In suburban Chicago, the Holloway case inspired Vernon Swanson. Perhaps the remains of his buddy, Jack Beckwith, could be found. Swanson enlisted the cooperation of his wartime cohort, Byron Whitmarsh of Richardson TX. Both men had seen Beckwith's shallow grave, and other graves only a few feet away.
At least one burial spot was marked by a rifle stuck in the ground. Other graves had only a twig, with a dogtag attached. This makeshift cemetery stood on a wooded hillside the Americans dubbed "88 Hill." The name came from the fearsome 88-mm artillery projectiles used by the Germans.
Read, Kokotovich and Beckwith died on the hill from German shellfire. The entire area was abandoned to the Germans when their attack started in the early morning of Dec. 16. Dead GIs were hastily buried during the retreat.
Hoping to find Beckwith's remains, Swanson and Whitmarsh joined forces with Byers, Seel, Speder, and myself in 1991. The hunt was on.
The search, expanded to include David Read and Saul Kokotovich, gradually dwarfed the effort to locate Holloway.
Reams of correspondence and Army documents were collected. There were trips to the National Archives, the National Personnel Records Center and the U.S. Army Military History Institute. The families of all three missing men helped. Swanson and Whitmarsh pursued the project as if it were the sole reason for their existence.
Ironically, it was a single sheet of 8-by-10 paper that offered the best hope for success. It was a crude map drawn in 1948 by Donald O. Woolf Jr., who also had known Beckwith and had seen his grave. The map, drawn to aid the Army's search effort after the war, was found in Beckwith's Army file.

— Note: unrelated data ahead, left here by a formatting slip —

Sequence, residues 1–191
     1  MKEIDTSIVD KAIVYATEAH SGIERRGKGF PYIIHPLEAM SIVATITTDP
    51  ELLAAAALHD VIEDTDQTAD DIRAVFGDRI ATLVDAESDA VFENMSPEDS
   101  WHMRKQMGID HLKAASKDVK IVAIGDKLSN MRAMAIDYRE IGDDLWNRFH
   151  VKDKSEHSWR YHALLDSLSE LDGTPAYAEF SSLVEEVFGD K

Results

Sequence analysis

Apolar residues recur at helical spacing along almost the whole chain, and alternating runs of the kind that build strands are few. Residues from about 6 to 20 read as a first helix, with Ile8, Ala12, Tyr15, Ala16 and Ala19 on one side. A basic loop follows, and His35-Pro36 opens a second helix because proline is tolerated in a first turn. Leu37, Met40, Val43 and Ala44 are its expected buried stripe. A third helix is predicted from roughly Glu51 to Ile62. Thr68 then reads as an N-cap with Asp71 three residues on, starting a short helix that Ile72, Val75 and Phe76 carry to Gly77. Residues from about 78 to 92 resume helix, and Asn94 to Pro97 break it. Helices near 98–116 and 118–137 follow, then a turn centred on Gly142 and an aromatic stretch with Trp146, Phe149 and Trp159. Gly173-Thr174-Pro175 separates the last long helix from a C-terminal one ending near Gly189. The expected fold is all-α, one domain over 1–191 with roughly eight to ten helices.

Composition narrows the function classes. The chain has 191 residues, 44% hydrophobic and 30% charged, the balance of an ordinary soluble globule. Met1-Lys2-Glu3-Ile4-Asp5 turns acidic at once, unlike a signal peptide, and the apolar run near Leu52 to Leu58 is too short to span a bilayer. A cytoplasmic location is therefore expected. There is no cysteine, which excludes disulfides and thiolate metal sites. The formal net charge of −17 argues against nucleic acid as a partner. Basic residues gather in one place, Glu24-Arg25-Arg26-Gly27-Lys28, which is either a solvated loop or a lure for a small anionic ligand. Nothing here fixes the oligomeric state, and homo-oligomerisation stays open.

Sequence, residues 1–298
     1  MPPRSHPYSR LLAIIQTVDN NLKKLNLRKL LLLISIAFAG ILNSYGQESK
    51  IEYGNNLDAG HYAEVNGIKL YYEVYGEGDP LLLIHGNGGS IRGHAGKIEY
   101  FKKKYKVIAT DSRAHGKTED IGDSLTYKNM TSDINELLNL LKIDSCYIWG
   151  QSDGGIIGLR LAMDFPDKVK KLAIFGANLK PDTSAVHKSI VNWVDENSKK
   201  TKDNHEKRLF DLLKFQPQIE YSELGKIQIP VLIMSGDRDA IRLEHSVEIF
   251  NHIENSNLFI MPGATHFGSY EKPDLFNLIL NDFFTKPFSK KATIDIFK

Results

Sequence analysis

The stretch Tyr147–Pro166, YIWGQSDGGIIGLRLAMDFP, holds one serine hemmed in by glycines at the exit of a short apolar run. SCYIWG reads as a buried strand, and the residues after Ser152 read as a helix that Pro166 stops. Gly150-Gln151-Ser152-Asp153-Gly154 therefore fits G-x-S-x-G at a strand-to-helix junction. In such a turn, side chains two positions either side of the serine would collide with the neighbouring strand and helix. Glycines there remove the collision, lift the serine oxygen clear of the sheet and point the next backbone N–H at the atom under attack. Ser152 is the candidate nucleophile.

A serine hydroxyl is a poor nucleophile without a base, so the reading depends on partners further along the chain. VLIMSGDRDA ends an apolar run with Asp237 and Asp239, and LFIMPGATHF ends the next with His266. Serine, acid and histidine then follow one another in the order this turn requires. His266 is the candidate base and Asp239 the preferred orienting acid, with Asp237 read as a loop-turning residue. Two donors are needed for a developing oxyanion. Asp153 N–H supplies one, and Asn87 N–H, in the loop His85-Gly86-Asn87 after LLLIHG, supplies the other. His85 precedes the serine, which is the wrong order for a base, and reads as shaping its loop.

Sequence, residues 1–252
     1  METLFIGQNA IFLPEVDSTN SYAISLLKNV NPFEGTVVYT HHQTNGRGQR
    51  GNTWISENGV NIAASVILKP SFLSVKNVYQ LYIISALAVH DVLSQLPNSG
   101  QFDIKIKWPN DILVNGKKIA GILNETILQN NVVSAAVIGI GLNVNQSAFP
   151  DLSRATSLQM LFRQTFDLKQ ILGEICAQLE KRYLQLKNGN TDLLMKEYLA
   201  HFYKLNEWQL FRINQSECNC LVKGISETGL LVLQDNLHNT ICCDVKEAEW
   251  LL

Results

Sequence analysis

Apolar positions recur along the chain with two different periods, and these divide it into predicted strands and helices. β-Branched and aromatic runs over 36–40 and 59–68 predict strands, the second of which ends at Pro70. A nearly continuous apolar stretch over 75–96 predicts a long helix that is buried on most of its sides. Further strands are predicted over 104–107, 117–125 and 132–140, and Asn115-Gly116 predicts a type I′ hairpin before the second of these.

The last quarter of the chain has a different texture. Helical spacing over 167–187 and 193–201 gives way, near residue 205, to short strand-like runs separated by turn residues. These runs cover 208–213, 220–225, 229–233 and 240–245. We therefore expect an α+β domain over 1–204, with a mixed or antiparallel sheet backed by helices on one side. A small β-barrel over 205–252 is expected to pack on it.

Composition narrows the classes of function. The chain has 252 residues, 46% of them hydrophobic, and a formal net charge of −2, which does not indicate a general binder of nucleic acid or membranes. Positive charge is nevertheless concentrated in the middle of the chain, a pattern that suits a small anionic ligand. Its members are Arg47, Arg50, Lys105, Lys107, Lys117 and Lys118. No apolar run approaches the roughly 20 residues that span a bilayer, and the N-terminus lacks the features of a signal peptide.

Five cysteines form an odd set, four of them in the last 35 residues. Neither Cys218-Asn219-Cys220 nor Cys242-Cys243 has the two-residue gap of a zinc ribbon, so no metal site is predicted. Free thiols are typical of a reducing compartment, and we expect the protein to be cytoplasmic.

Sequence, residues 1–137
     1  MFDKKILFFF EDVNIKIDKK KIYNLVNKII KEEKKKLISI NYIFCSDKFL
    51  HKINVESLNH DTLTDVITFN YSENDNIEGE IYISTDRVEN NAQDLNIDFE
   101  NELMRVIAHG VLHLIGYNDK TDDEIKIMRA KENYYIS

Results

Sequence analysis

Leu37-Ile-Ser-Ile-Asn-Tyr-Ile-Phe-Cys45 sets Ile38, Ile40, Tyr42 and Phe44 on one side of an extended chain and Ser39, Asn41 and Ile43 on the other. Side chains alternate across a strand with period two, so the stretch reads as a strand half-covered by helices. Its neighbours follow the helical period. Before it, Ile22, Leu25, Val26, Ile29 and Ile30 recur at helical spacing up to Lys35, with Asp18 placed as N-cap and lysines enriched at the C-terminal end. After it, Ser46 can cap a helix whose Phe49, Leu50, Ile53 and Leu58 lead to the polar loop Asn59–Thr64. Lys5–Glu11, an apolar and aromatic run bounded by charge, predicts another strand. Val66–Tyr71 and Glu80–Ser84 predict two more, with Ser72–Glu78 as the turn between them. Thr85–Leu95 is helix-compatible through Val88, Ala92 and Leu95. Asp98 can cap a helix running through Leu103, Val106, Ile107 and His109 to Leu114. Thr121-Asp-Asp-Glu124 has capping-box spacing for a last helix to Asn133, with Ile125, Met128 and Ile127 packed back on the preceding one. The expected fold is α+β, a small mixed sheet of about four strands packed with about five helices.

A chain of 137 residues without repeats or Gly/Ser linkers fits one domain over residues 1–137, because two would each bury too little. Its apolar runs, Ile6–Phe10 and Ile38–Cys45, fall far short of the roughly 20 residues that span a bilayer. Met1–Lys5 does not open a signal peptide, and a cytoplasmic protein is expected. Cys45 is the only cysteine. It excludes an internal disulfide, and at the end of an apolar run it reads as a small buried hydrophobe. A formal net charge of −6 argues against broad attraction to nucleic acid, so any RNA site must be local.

Woolf noted the graves near a cluster of trees at the edge of a clearing. Unfortunately, he got the compass direction and coordinates wrong. The Army considered the map useless. I found it valuable.
Woolf's errors were easy to see. But finding the clearing and the cluster of trees was problematic. They had long since disappeared. The hill had been solid fir trees for years.
The key was an aerial photograph from the National Archives. It showed 88 Hill in December 1944. I found the clearing and grouping of trees, then transferred their locations to a modern topographic map.
Armed with this new information, Seel and Speder hiked to 88 Hill in February 1992. The two diggers found an M-1 rifle, three U.S. Army combat shoes and an American grenade at the precise spot where I had pinpointed the graves.
Surely, they had found the grave area. The rifle must have been one of the grave markers. Seel and Speder dug countless holes and trenches in the following months but found nothing.
One possibility was that the graves had been discovered in 1945 and the bodies disinterred. If so, they would have been buried as "unknowns" at one of the American cemeteries in northwest Europe.
Sadly, the quest for Read, Kokotovich and Beckwith was at an end again. It was tough news to deliver to their families, especially to Beckwith's 88-year-old mother.
A bit more was done for one of Read's four brothers. In October 1995, Verne Read, a World War II veteran, traveled to Europe. He and a friend met with Swanson, his wife, Seel and Speder. The foursome escorted Read and his friend to 88 Hill. The graves area was among the spots on the tour.
After Read's visit, Seel and Speder had little cause to return. Years passed. The aborted search effort faded into a memory.
Beckwith's mother died in 1997. Read's oldest brother, Thomas, died in 2000. But the ghosts of 88 Hill remained.
In March 2001, Seel and Speder heard an astounding rumor. Another digger supposedly had found GI dogtags and a wallet belonging to Beckwith. But there was cause for disbelief. "Knowing the guy, we had doubts about the discovery," Seel said.
But the discovery was no hoax. Anxiety gripped Seel. Had Beckwith's grave been looted by this relic hunter?